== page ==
Cummings Prefers Reconciliation to Retributive Justice for War Crimes

GANTA, Nimba – As debates continue over the implementation of the Truth and Reconciliation Commission’s final report, especially on the prosecution of warlords and war actors through the establishment of a war crimes court, the presidential candidate of the Alternative National Congress, Alexander B. Cummings, Jr., has said he would avoid setting up a war crimes court.

Rather, Cummings promised he would support the process of reconciliation. He made the comment in Ganta when he appeared on a special talk show on the Voice of Gompa radio station.

“On the TRC report, I support it for restorative justice and many elements of that report that speaks to that,” Cummings said. “[But] I am not in support of retributive justice.”

Cummings said, in as much as Liberians want to move forward, they should acknowledge the level of pains and agony many Liberians faced during the war and “I think we need to acknowledge it and celebrate some of the brave people that lost their lives.”

“I think it will consume us if we start to focus on retribution,” he said. “If we go that route, all of the energies, the time, the radio broadcast, everything will go behind – I know it is hurtful, it is painful and lots of those people are running around.”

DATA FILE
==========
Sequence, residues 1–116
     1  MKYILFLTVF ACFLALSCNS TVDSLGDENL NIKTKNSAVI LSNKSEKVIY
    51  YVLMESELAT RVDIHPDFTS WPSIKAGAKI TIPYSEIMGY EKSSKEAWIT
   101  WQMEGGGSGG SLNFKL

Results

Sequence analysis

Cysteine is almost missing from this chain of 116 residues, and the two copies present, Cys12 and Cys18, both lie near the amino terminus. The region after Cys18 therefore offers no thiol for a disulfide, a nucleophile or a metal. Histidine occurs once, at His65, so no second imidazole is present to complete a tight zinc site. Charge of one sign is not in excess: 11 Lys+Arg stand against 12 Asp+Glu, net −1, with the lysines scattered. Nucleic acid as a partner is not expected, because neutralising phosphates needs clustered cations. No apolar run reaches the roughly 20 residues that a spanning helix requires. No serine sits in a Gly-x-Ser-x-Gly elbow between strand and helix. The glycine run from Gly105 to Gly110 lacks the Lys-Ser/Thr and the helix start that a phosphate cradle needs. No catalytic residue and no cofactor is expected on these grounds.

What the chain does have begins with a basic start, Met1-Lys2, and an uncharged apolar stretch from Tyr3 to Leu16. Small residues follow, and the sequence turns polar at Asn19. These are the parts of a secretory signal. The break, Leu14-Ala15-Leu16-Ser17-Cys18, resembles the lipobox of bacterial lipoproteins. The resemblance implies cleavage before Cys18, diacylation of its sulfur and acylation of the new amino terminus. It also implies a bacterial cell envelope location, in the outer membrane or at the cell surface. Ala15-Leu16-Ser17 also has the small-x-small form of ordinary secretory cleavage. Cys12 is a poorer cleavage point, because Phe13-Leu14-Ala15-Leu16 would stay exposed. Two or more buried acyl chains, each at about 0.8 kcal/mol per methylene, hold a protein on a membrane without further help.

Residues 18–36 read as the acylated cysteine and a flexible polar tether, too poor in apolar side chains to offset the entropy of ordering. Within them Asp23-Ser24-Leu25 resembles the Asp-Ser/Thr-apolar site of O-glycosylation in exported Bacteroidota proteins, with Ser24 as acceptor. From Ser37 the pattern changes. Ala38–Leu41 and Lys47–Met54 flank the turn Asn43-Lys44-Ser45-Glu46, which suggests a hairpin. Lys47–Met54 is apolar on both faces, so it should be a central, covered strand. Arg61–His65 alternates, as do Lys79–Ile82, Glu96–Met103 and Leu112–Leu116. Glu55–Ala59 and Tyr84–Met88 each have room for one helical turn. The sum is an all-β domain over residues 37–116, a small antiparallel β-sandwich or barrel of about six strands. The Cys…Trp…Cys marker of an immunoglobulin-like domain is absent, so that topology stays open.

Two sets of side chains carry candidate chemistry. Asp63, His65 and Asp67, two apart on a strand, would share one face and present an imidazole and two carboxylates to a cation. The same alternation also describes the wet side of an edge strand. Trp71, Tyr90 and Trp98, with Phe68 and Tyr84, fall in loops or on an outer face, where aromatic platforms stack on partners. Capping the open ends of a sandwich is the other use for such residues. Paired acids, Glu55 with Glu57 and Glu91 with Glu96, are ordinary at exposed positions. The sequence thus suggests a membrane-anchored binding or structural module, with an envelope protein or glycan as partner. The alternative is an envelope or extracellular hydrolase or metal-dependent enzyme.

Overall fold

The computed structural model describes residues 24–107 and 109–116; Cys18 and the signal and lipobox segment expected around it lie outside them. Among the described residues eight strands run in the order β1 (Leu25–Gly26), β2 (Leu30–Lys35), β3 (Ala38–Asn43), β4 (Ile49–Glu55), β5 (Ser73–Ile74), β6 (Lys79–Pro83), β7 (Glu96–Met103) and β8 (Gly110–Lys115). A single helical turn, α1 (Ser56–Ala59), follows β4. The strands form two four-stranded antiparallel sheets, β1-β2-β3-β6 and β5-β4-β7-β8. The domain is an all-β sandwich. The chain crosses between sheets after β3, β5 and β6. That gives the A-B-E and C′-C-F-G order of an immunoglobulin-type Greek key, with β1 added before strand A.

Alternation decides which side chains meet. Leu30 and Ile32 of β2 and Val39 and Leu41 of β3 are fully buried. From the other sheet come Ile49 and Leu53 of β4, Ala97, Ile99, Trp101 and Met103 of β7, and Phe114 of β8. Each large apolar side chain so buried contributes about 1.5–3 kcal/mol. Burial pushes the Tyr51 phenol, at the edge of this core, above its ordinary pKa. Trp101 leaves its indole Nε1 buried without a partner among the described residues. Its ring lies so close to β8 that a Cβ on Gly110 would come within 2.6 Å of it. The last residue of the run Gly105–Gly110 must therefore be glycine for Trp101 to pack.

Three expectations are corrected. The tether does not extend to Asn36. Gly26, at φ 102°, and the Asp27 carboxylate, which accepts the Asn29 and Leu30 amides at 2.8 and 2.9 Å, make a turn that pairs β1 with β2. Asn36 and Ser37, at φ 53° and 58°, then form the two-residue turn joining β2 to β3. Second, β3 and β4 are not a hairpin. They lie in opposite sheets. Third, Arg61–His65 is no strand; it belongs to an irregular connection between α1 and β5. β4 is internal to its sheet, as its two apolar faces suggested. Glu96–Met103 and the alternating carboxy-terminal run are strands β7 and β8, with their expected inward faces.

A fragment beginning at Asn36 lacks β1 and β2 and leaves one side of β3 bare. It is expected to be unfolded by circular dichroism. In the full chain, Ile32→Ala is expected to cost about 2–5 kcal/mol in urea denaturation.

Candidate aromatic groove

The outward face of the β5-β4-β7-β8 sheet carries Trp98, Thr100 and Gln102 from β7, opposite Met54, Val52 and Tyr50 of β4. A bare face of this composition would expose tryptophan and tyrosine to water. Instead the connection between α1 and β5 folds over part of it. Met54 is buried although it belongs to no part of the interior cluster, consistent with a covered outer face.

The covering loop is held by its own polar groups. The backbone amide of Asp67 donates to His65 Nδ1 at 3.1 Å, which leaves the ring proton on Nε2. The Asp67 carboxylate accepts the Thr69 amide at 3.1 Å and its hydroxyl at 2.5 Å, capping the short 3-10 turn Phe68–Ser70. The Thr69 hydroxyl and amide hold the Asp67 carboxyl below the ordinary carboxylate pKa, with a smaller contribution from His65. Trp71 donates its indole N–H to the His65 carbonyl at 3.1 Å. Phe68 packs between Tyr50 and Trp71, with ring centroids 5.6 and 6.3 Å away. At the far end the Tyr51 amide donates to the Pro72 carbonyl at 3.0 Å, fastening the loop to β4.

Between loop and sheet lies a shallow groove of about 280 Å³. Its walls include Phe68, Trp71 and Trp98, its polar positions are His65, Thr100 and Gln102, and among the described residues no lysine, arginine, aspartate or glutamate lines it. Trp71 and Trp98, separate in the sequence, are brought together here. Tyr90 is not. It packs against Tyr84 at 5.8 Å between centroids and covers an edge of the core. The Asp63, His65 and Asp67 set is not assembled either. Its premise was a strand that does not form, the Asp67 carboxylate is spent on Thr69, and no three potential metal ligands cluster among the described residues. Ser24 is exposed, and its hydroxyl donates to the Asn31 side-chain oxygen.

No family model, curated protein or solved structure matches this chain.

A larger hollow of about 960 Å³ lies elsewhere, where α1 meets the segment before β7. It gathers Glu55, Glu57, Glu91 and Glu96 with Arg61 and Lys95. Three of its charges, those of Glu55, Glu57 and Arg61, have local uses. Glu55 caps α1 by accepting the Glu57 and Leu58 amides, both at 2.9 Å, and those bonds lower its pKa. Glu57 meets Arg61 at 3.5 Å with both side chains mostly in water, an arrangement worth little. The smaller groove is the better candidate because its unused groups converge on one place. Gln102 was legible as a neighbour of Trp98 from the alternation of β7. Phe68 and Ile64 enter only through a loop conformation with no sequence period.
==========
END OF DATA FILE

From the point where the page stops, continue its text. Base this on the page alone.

While many Liberians in and out of the country have been calling for the implementation of the TRC recommendations, especially the portions banning war perpetrators from political activity for 30 years and establishment of a war crimes court, Liberians have had to rely on the court systems in other countries to see former warlords punished.

Former President Charles Taylor was jailed for crimes committed in Sierra Leone’s civil war. His son, Chuckie Taylor, is serving 97 years in prison after being found guilty of breaking a U.S. law that prohibits American citizens from committing torture outside of the country. The trial of Mohammed Jabateh, informally known as Jungle Jabbah, has recently begun in the U.S., where authorities said he broke the law when he lied during his asylum application about atrocities he committed during the war.

As Liberians go to vote next week, there are 20 presidential candidates vying for the lone seat at the Executive Mansion. Like the 2005 and 2011 elections, a single political party will likely not acquire the 50 percent plus one vote needed to make them a winner after the first round of voting.

Cummings said, should the ANC not progress to the second round of voting, it is likely that the party would support any of the two political parties that may go to the runoff.

“I likely will,” he said. “The executive committee of the party together will decide…but we will likely support a candidate if we don’t win.”

Cummings has promised that when elected president, his government would be made up of both Liberians living in the diaspora and at home: “I hope you are recording this; we will bring a few Liberians from the diaspora and let me not lie about this, but majority of them we will appoint, would be Liberians already on the ground [here].”

Featured photo by Arrington Ballah

Arrington Ballah

A resident of Ganta, Nimba County, Arrington has a background working with credit unions and other organizations dedicated to rural finance.

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